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Dell M109S


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In June 2005 Mitsubishi introduced the first projector to use LEDs as a light source. This groundbreaking product was so efficient that it could run on its own battery. Unfortunately it was also barely brighter than a lit match. Now almost four years after that first LED projector appeared, here is one that is bright enough for use in special situations. The $499 Dell M109S may not be the most versatile ultraportable projector on the market—nor is it nearly as tiny as so-called pico projectors from 3M and Optoma—but it’s impressive to see how much Dell has packed into such a small package.


The Dell M109S, at 4.1 x 3.6 x 1.5 inches, is a small rectangular box reminiscent of jewelry-store watch boxes. The glossy black plastic exterior is interrupted by the barest minimum of controls and connectors. On the top panel is a knurled ring for focusing and a set of nine membrane buttons for accessing the projector’s on-screen menu. The back panel reveals a single, small, narrow connector. A hydra-like adapter cable links this connector to an AC power outlet, a laptop VGA connector, and a composite video cable.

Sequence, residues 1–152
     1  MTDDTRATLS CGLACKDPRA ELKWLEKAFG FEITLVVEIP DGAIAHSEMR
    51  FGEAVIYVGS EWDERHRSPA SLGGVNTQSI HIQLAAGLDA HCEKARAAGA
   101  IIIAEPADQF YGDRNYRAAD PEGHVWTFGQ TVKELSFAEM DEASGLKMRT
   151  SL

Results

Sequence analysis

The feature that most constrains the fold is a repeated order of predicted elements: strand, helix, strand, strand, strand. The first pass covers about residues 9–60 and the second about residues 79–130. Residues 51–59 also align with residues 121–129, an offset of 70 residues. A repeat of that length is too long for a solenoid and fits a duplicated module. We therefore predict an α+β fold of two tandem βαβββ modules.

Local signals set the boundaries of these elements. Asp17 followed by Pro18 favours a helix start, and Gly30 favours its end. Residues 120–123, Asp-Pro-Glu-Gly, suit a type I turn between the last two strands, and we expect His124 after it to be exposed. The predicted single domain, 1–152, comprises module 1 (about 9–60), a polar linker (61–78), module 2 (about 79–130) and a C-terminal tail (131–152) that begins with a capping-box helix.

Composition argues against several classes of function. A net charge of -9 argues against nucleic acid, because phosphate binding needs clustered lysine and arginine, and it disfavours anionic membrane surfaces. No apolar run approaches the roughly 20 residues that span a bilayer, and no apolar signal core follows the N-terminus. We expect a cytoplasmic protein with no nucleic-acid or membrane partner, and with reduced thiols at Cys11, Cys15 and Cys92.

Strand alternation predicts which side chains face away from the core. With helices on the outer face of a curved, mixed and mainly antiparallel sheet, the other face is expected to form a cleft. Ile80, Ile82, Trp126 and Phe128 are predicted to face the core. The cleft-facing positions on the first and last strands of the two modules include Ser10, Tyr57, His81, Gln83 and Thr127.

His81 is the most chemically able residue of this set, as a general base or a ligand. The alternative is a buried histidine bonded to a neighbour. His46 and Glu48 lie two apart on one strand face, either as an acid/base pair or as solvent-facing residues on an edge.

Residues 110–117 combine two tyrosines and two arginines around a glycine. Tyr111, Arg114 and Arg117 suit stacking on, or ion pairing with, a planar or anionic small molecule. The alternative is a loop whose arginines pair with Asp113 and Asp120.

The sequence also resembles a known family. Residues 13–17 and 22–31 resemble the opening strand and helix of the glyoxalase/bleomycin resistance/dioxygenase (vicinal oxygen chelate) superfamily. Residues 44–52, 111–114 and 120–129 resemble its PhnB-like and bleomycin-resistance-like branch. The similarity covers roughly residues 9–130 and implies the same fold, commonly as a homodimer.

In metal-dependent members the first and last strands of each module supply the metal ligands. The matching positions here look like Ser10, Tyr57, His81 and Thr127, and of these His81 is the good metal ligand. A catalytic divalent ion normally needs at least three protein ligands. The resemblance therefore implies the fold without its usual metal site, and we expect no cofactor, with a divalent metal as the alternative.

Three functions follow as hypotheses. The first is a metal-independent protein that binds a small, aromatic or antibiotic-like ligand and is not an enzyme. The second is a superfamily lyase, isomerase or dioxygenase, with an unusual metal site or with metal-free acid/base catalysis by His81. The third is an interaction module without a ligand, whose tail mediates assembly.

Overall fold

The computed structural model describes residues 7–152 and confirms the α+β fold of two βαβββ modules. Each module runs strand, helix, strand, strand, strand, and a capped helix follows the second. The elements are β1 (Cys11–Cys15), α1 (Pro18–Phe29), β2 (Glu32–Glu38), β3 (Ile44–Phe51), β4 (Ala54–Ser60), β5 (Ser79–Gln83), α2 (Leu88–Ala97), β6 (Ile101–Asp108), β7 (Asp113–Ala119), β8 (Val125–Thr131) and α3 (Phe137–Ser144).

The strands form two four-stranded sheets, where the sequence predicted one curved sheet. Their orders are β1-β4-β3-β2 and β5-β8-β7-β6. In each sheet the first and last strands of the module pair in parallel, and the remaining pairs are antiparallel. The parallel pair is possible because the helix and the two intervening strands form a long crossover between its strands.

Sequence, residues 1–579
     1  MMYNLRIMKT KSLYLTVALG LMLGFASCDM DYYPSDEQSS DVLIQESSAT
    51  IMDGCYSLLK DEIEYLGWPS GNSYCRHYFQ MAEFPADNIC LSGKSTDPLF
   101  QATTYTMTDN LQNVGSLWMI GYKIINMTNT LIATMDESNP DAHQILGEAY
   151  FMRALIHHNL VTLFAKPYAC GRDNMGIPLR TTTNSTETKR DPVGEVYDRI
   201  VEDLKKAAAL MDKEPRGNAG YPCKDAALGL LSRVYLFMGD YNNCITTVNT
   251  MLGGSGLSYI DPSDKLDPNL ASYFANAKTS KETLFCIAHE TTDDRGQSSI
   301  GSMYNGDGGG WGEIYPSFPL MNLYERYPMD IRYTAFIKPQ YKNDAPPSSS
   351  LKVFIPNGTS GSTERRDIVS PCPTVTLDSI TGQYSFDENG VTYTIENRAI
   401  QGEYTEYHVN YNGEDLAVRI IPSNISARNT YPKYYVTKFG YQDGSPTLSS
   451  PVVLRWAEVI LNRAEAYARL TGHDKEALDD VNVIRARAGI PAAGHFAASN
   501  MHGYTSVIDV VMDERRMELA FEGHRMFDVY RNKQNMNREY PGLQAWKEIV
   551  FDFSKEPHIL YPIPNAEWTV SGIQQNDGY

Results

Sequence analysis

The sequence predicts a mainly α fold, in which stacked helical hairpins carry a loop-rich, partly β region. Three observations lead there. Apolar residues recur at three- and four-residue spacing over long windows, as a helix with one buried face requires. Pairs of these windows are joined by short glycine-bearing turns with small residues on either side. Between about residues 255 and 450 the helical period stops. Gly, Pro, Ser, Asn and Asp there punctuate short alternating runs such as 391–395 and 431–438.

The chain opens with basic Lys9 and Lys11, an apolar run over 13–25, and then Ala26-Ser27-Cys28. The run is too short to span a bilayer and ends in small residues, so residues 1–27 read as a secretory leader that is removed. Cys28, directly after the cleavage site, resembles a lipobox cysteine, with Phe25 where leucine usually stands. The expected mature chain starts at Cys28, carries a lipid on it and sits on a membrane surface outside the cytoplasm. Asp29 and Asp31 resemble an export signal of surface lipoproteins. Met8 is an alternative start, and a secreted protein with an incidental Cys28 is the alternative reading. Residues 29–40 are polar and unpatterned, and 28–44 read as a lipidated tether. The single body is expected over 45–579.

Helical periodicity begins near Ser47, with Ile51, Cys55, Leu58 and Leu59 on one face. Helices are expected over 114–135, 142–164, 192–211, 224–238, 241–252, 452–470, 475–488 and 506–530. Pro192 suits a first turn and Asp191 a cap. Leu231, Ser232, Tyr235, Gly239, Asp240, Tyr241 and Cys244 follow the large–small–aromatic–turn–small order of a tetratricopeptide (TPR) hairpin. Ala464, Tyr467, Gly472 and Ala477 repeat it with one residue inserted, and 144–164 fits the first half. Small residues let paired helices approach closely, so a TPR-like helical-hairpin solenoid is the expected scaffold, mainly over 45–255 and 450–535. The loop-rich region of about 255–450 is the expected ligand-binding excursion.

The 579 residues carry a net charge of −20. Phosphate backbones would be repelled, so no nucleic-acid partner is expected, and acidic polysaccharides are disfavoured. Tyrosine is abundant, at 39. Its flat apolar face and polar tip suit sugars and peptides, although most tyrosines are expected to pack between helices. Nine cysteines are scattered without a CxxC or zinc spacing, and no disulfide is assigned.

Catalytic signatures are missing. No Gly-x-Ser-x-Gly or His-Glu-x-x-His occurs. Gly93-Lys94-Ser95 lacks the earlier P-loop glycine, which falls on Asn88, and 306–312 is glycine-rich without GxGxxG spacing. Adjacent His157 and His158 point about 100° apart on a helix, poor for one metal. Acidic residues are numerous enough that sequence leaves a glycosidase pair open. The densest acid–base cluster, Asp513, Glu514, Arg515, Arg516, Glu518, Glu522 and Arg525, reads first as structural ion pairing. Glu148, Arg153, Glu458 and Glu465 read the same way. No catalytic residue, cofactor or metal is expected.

Interestingly, the M109S uses the same AC adapter as Dell’s current laptops. This means if you have a Dell notebook, you can leave the projector’s AC adapter at home and run the projector from your notebook’s adapter while the laptop runs on battery.


With no remote control, the membrane buttons on the M109S are the only ways to control the projector. These buttons were hard to use: with no physical feedback, it is far too easy to press a button too lightly (for no response) or too heavily (for unwanted responses in underlying menus). For example, we accidentally changed the language to German, and it was only by the help of an old college German I class that we could navigate back to English. It should be noted that this projector has so few options that most users will never need to access the menu.

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